Wild ponies graze on vast moorlands as mist falls on the unusual rock formations nearby, rivers gush through thick woodland and under medieval bridges, waves carry surfers back to the white sandy beaches – cycling the Devon Coast to Coast route is an adventure you will never forget.
The Devon Coast to Coast is a 103 mile (165 km) route through North Devon from Ilfracombe on the edge of the Irish Sea, to Plymouth on the English Channel. The route is suitable for all ages and all levels of riders. Mostly following former railway lines transformed into bike paths, 71 miles (114 km) of the Devon Coast to Coast are completely traffic free.
Some of the trails and paths are unpathed so you may prefer to use a hybrid or mountain bike, although any bike will manage. As there are no big hills to tackle, thicker tyres won’t slow you down too much.
Broken down into seven sections, each stage of the Devon Coast to Coast show you a different aspect of North Devon’s diverse landscapes: from pristine coastline to misty moors and luscious valleys to biodiverse wetlands. If you are looking for a bigger challenge, you can combine the sections together to cover more distance in one day.
Your adventure will lead you through centuries of history: from Norman invasions to Royalist strongholds, centers of the industrial revolution to impressive aqueducts and art nouveau hotels, with plenty of pub stops along the way.
Your journey begins in Ilfracombe, a popular seaside town nestled amongst jagged cliff faces. Known for its pretty harbour and sandy beaches, this quaint town is a lovely place to explore before setting off on your bike.
To get to Ilfracombe, take the train to Barnstaple and cycle or take a taxi from there as Ilfracombe has no train station. Barnstaple has direct trains from Exeter, Bristol and London. Alternatively, National Express runs direct buses from London to Ilfracombe daily. They accept bikes as long as they are correctly packaged in a bike box.
For more information on Ilfracombe, visit: visitilfracombe.co.uk
For information on train travel to Barnstaple, visit: thetrainline.com/stations/barnstaple
With sandy beaches, a pristine shoreline and surfer hangouts, the first stage of the Devon Coast to Coast runs along some of the UK’s finest coast. With the sea never far away, you will cycle 14 miles (24 km) through the North of Devon, enjoying ice cream stops and fresh salty air as you ride.
Starting your day in Ilfracombe, a quaint town surrounded by rugged cliffs with a pretty harbour at its heart, you will follow a traffic-free former railway path out of the centre and along the West Wilder Brook. The route starts with some challenging climbs as you leave Ilfracombe behind and head inland through green countryside.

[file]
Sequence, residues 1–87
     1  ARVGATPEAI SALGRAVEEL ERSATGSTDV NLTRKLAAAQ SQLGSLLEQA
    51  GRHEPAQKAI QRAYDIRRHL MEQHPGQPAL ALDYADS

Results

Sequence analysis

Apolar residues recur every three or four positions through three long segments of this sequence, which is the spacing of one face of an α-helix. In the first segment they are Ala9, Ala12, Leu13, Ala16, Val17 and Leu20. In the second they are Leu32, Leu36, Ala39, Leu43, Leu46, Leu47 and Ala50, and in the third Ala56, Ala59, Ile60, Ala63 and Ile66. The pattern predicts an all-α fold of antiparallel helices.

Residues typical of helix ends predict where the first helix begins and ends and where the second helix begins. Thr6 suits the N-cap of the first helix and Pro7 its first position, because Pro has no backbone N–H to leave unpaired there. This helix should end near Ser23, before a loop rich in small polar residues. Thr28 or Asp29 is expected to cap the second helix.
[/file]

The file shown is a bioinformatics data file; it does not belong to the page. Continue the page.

At the end of the climb, your hard work is rewarded with expansive views over pretty Devonshire countryside as you join quiet country lanes that ascend to the sea.
White sandy beaches, surfers catching breaking waves, children playing in rockpools – you can now enjoy over 6 miles (9.6 km) of seaside bliss. Passing the secluded beaches of Combesgate, Barricane, and Woolacombe.
A small seaside resort, Woolacombe boasts a beautiful stretch of golden sand which has won the title of Britain’s Best Beach and the fourth best beach in Europe. Popular with surfers and families alike, the town is a peaceful place to relax before continuing along a bridleway that runs parallel to the coast.
The final stretch of stage one runs in-land along peaceful country lanes passing Georgeham, a historic village with crooked lanes and a medieval church. Serving guests since the 17th century, The King’s Arms and The Rock are historic places to grab a drink or a bite to eat.
Continuing along country lanes as you leave Georgeham, you will soon join the River Caen before arriving in Knowle village, your final destination. Known for its Iron Age fortification Knowle Hill Castle, Knowle offers accommodation such as Bed and Breakfasts and self-catering cottages.
The second leg of the Devon Coast to Coast will take you over medieval bridges, along meandering rivers, and past rare birds nesting in nature reserves. Today’s easy ride will take you 16 miles (27 km) from Knowle to Bideford. With only 90 meters (295 feet) of elevation gain, you can relax as you enjoy the stunning scenery.
Following the River Caen, you will reach Devon’s biggest village – Braunton. Rich in history, Braunton is home to various manors, an ancient Dean house and Braunton Abbots that date back to the eleventh century.
Heading southeast from the village, you will join the River Taw where it meets the Bristol Channel for the remainder of the route. Following a cycle path, you will pass muddy beaches and wetlands with diverse wildlife, before arriving in Barnstaple.